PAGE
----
Despite oil prices reaching multi-year highs, Chevron Corp announced on Monday its intention to acquire its smaller US rival, Hess Corp, in a $53-billion all-stock deal.
The announcement comes just two weeks after Exxon Mobil revealed its plans to pay $60 billion ($93 billion) for the US shale oil and gas producer, Pioneer Natural Resources. Exxon’s move aimed to boost its presence in the Permian Basin fields of Western Texas and New Mexico, an area where Chevron is already heavily involved.
Chevron’s acquisition of Hess is strategically focused on increasing its presence in the largest oil discovery outside the US in recent years, located offshore the small Caribbean nation of Guyana. Consequently, this deal will bring America’s two largest oil majors into direct competition in two of the world’s fastest-growing oil basins: the Permian Basin of East Texas and New Mexico and the Guyana offshore region.
Guyana has emerged as a significant oil producer in recent years, with substantial discoveries made by Exxon Mobil, its partner Hess, and China’s CNOOC. Together, they produce 400,000 barrels per day from two offshore vessels and have expressed plans to develop up to 10 additional offshore projects. This positions Guyana to become the world’s fourth-largest offshore oil producer, surpassing Qatar, Mexico, and Norway.
Chevron is offering an all-share deal valued at $171 per share, based on Chevron’s closing price on October 20, 2023, which was $168.83. Following the announcement, both Chevron and Hess saw their shares decline, with Chevron’s down by 3.7% and Hess losing 1%. Investors generally view Chevron’s move as a done deal.
Under the terms of the acquisition, Hess shareholders will receive 1.0250 shares of Chevron for each Hess share. The total enterprise value of the transaction, including debt, is $60 billion. Notably, since Hess shares closed at $163.02 on the previous Friday, valuing the company at $50 billion, there is minimal dilution.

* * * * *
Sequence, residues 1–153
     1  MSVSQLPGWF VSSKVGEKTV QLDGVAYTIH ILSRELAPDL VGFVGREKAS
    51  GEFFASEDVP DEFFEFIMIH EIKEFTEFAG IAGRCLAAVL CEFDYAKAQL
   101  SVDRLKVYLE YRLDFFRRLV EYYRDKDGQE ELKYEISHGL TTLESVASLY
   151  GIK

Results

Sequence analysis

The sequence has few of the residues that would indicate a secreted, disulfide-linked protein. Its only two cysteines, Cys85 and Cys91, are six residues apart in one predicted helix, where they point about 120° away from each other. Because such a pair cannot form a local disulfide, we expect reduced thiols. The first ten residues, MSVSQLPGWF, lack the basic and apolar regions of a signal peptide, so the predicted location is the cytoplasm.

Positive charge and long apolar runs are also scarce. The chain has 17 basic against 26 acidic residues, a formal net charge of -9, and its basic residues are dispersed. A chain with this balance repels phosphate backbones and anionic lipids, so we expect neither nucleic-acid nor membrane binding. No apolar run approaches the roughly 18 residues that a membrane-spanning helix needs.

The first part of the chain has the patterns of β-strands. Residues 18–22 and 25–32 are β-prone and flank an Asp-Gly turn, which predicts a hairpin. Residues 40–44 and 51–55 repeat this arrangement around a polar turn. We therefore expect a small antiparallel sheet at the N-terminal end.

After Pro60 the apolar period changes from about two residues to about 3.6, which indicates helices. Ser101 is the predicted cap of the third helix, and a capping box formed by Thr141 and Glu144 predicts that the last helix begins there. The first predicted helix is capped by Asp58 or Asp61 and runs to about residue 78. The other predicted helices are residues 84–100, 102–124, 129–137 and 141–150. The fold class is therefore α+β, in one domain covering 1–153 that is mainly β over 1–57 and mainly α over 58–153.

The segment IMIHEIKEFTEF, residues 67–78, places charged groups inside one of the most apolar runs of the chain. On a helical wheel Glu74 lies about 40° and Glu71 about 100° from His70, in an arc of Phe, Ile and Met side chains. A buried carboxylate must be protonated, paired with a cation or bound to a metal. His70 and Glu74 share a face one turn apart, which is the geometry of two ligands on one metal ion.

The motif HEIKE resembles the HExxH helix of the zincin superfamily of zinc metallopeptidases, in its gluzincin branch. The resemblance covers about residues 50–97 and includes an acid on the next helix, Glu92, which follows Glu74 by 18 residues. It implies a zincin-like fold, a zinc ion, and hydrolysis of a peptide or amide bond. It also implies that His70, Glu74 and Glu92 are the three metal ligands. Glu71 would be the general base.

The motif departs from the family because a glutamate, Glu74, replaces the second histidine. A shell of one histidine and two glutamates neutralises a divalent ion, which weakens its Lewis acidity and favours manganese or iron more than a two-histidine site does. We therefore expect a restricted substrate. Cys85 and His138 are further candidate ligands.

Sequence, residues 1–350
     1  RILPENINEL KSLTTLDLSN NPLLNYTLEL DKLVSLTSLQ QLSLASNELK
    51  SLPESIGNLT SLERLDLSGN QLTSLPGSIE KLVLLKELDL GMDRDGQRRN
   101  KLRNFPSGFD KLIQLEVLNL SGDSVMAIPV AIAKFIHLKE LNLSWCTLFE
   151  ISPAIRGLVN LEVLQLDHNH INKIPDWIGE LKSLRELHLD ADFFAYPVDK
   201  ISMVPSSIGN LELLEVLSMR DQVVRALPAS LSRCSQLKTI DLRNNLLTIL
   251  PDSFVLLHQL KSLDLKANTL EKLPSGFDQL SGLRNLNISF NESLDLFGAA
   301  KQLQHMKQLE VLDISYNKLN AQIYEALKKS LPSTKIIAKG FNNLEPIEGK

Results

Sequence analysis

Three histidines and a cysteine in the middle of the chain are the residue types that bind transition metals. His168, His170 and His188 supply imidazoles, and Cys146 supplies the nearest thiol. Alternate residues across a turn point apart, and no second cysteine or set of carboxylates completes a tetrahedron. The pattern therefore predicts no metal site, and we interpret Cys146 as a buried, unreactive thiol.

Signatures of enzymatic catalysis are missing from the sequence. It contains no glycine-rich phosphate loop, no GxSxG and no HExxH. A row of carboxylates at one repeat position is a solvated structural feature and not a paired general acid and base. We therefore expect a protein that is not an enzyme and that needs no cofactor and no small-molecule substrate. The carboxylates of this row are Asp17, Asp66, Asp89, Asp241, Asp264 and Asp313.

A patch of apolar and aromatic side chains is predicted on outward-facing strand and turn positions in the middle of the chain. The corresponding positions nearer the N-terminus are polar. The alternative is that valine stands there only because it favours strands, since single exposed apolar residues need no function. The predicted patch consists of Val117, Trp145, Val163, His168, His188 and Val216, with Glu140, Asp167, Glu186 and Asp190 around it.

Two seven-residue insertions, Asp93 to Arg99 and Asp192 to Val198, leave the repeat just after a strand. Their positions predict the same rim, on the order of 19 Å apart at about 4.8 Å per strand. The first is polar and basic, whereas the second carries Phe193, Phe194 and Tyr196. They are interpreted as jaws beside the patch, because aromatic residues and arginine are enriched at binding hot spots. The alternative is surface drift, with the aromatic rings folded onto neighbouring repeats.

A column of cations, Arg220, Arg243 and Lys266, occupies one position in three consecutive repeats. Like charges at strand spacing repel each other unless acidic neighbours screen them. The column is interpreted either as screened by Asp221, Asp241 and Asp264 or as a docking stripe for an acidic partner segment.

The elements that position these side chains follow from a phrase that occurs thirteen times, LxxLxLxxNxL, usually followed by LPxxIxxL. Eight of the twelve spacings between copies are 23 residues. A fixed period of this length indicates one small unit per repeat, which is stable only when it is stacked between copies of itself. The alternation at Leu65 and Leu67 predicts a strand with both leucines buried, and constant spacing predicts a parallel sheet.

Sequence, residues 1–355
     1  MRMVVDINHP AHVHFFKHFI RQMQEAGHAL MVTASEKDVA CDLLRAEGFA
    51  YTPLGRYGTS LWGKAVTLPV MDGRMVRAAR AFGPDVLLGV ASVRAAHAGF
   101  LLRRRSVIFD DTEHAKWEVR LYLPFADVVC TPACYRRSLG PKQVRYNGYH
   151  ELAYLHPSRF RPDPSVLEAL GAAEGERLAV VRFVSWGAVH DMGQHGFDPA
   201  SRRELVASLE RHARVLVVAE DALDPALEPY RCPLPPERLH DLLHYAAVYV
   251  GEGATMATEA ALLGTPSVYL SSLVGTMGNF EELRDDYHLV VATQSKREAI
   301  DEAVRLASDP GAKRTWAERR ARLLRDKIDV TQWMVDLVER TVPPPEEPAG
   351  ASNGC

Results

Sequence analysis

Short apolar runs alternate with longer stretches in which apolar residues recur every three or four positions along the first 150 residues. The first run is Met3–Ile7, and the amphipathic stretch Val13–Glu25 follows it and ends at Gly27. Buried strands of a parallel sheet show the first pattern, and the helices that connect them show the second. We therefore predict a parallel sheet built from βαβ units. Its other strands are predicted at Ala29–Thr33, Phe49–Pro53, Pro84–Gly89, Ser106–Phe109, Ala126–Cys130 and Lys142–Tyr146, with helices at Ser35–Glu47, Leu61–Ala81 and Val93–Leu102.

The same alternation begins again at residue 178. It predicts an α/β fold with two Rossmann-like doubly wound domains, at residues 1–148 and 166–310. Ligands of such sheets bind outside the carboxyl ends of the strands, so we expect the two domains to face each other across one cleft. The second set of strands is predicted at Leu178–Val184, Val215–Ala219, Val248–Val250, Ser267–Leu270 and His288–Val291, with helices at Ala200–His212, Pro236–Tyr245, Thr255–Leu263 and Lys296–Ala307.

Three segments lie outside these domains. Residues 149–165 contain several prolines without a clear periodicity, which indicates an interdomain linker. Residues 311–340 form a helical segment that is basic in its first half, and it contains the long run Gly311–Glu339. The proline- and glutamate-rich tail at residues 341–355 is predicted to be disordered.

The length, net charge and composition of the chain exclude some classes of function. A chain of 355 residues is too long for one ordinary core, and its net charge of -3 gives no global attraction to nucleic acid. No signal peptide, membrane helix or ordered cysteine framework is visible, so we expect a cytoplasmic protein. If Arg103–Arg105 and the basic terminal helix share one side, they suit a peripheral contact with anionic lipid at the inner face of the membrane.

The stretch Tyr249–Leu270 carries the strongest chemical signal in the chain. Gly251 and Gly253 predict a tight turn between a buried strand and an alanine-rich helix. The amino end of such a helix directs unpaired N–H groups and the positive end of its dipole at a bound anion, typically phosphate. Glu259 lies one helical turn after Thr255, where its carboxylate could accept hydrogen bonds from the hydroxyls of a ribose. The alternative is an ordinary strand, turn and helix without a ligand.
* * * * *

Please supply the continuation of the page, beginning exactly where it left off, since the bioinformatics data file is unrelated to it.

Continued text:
The combined entity is expected to achieve accelerated production growth and generate free cash flow for an extended period compared to Chevron’s current five-year guidance, as stated by both companies. Chevron’s CFO, Pierre Breber, highlighted the company’s intention to increase cash returns to shareholders, with higher dividend per share growth and increased share repurchases.
Hess shares have surged more than 21% year-to-date, outpacing the S&P 500’s 10% rise. Although oil prices have risen approximately 9% year-to-date, Chevron’s shares have underperformed, showing a 4.1% decline until last Friday’s close.
To ensure the satisfaction of shareholders and critics seeking more cash returns, Chevron has committed to enhancing the cash returned to shareholders. The company anticipates recommending an 8% boost in its first-quarter dividend to $1.63, subject to board approval. Additionally, the company expects to increase stock buybacks by $2.5 billion, reaching the upper end of its annual guidance range of $20 billion, once the transaction concludes.